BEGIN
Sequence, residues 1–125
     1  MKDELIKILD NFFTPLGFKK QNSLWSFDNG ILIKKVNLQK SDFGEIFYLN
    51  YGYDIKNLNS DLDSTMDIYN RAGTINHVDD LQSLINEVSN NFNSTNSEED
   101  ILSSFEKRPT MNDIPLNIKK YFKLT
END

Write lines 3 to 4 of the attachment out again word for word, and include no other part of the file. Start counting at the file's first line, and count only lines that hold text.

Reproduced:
    51  YGYDIKNLNS DLDSTMDIYN RAGTINHVDD LQSLINEVSN NFNSTNSEED
   101  ILSSFEKRPT MNDIPLNIKK YFKLT